Outcome mapping – or impact mapping, depending on your preference – is an approach that helps to set (or ‘map’) out the steps that link the activities of a project, programme or organisation to the outcomes that are important. It has a lot in common with other ‘theory of change’ approaches.

A theory of change is not as grand as it sounds – it’s just a term that refers to making explicit the thinking behind why a programme, project or intervention will make a difference to the people or communities it seeks to serve.

Outcome mapping is the centrepiece of our approach, and the cornerstone of our software OutNav.

Why ‘outcome mapping’?

We call our approach to understanding change ‘outcome mapping’ for a few reasons:

Outcomes are a good way to visualise and work towards the change you seek in the world. Many organisations or projects have outcomes expressed in their mission or are working to outcomes determined by funders.

We work with organisations or programmes to map how the activities they deliver reach the outcomes that are important to them. Outcome mapping is a simple way of describing this process.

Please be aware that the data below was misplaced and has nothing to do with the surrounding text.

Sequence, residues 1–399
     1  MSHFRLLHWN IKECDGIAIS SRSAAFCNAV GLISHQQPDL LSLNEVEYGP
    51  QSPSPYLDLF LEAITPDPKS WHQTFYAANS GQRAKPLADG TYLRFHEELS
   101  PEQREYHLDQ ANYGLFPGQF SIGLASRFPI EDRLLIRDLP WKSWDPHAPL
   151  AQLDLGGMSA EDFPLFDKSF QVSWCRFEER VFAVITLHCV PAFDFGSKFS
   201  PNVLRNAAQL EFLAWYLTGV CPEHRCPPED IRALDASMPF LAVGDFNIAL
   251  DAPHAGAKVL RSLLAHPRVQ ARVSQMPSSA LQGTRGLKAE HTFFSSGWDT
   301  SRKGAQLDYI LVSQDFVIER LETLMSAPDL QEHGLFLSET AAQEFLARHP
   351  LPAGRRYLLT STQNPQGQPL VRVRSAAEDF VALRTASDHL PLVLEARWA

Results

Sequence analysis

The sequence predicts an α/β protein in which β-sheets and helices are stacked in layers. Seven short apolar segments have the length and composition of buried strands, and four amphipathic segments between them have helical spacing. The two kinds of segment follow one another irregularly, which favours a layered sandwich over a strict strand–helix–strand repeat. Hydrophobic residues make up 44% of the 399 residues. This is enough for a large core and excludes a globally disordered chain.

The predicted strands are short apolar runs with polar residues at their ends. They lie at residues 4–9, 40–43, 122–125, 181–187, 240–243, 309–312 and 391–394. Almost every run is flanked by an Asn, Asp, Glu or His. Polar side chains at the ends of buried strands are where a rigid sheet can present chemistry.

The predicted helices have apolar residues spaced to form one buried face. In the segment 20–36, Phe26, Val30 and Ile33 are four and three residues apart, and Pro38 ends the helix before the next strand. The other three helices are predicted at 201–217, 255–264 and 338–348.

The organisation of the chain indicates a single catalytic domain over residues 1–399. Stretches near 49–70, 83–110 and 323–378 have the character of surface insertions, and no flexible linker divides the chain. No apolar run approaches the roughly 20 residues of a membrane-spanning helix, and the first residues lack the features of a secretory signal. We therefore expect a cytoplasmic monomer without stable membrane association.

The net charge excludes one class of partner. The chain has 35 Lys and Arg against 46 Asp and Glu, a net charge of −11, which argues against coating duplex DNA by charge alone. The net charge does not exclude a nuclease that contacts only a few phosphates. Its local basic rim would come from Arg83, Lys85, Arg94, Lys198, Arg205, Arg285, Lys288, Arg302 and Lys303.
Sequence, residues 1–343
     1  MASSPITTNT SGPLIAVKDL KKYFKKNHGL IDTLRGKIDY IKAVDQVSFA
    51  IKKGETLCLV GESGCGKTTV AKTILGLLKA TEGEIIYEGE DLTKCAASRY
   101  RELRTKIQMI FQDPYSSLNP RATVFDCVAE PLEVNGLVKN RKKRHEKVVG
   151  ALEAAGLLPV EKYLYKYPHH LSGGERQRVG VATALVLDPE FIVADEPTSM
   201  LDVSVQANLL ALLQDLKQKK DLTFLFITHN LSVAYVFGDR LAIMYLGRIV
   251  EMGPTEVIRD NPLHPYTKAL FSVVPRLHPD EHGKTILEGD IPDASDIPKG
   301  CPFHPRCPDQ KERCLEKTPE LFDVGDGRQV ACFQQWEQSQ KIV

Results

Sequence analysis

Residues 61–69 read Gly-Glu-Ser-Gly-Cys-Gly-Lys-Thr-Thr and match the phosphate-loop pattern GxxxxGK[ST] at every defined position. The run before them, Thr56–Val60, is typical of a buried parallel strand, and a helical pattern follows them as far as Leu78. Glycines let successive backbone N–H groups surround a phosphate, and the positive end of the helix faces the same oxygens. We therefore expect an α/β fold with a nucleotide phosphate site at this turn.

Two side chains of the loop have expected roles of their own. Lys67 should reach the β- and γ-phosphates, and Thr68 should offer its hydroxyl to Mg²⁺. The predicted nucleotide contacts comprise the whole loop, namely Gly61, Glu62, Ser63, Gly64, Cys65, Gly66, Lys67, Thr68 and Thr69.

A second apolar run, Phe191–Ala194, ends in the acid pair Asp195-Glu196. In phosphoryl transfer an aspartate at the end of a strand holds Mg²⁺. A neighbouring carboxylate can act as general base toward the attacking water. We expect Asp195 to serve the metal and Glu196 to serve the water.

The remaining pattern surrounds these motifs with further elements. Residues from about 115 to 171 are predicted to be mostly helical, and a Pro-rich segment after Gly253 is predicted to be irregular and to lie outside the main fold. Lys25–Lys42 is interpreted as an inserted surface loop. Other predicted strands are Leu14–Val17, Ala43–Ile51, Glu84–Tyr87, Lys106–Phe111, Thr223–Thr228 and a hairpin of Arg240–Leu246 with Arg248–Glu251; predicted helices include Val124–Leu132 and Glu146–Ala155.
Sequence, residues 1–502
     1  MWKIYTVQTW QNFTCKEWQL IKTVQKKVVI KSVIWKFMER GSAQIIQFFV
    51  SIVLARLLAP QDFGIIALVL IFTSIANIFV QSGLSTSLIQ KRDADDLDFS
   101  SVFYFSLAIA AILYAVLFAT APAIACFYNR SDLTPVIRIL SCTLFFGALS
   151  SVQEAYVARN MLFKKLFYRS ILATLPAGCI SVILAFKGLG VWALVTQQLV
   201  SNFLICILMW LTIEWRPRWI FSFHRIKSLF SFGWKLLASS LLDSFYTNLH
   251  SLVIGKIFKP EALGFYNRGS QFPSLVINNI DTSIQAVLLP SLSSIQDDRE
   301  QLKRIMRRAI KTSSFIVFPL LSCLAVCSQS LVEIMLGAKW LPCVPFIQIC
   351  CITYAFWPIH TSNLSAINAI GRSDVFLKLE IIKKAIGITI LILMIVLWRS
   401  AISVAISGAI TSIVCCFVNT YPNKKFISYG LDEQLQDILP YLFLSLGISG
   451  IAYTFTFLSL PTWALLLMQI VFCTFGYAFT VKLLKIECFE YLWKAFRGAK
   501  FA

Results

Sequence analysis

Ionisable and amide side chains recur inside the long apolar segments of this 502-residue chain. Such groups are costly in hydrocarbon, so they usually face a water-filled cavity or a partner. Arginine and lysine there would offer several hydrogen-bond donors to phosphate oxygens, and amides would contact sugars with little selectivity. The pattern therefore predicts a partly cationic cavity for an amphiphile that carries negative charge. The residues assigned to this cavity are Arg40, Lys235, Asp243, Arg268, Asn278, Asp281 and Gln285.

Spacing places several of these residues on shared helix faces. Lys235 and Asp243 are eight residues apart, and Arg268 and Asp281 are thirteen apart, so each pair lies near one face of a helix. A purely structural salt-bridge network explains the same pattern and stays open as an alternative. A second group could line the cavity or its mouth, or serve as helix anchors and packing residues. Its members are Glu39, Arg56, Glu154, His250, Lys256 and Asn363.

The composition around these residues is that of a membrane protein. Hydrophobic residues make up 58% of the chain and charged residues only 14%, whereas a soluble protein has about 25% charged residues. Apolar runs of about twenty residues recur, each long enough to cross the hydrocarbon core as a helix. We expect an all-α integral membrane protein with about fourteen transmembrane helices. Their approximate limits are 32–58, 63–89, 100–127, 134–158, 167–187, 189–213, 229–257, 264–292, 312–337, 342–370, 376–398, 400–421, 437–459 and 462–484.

We use the terms ‘outcomes’ and ‘impacts’ interchangeably as we find that different sectors have their own preferences on this. Some just use outcomes, some impact and some use both.

Deeper dive

Where does outcome mapping come from?

For many years, Ailsa and I have been working with a variety of organisations with a mission for social change to help them understand and work with outcomes and we have developed a distinctive approach.

Scotland is a great place to be pioneering this approach because the Scottish Government has promoted an outcomes approach to service commissioning and delivery for over ten years, which means many people are grappling with outcome evaluation challenges.

Outcome approaches are also gaining traction globally through the Sustainable Development Goals, and governments in other parts of the world also adapting an outcomes commissioning approach.

We have built our outcome mapping approach on strong foundations, and we like to think it has great pedigree!

I first developed the approach for research impact assessment
see my 2015 article Progressing research impact assessment: A ‘contributions’ approach). Ailsa and I have since refined and reworked it through experimentation and learning with many different kinds and sizes of project, programme and organisation over the last ten years.

We built on work by Steve Montague who had taken the basic ideas of contribution analysis and turned them into practical approaches. (See Montague, S., (2012) Theory-based Approaches for Practical Evaluation – pdf.)

We also brought a strong understanding of outcomes from Ailsa’s work, (See Cook, A. (2017) Outcomes-based approaches in public service reform, and Cook, A. & Miller, E. (2012) Talking Points Practical Guide – pdf) as well as experience and commitment to participatory approaches, knowledge to action and action research.